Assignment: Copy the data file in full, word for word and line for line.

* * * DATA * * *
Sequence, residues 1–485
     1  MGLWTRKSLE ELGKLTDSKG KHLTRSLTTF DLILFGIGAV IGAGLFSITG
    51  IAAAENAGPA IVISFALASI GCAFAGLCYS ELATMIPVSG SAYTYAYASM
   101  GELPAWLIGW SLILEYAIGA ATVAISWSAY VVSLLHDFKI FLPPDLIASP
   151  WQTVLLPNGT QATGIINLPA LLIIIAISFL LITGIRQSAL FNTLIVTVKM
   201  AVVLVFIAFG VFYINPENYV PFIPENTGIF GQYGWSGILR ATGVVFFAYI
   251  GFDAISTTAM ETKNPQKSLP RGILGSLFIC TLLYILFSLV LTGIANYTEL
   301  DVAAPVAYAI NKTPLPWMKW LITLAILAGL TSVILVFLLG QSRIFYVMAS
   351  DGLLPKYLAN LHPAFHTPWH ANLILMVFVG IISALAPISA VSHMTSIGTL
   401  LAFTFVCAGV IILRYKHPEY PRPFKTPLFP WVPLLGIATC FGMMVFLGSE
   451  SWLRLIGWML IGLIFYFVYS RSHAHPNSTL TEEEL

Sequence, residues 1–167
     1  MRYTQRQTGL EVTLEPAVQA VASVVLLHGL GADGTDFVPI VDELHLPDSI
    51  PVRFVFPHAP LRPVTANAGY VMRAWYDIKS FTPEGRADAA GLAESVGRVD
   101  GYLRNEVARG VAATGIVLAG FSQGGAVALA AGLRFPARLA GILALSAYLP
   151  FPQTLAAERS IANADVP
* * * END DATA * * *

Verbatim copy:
Sequence, residues 1–485
     1  MGLWTRKSLE ELGKLTDSKG KHLTRSLTTF DLILFGIGAV IGAGLFSITG
    51  IAAAENAGPA IVISFALASI GCAFAGLCYS ELATMIPVSG SAYTYAYASM
   101  GELPAWLIGW SLILEYAIGA ATVAISWSAY VVSLLHDFKI FLPPDLIASP
   151  WQTVLLPNGT QATGIINLPA LLIIIAISFL LITGIRQSAL FNTLIVTVKM
   201  AVVLVFIAFG VFYINPENYV PFIPENTGIF GQYGWSGILR ATGVVFFAYI
   251  GFDAISTTAM ETKNPQKSLP RGILGSLFIC TLLYILFSLV LTGIANYTEL
   301  DVAAPVAYAI NKTPLPWMKW LITLAILAGL TSVILVFLLG QSRIFYVMAS
   351  DGLLPKYLAN LHPAFHTPWH ANLILMVFVG IISALAPISA VSHMTSIGTL
   401  LAFTFVCAGV IILRYKHPEY PRPFKTPLFP WVPLLGIATC FGMMVFLGSE
   451  SWLRLIGWML IGLIFYFVYS RSHAHPNSTL TEEEL

Sequence, residues 1–167
     1  MRYTQRQTGL EVTLEPAVQA VASVVLLHGL GADGTDFVPI VDELHLPDSI
    51  PVRFVFPHAP LRPVTANAGY VMRAWYDIKS FTPEGRADAA GLAESVGRVD
   101  GYLRNEVARG VAATGIVLAG FSQGGAVALA AGLRFPARLA GILALSAYLP
   151  FPQTLAAERS IANADVP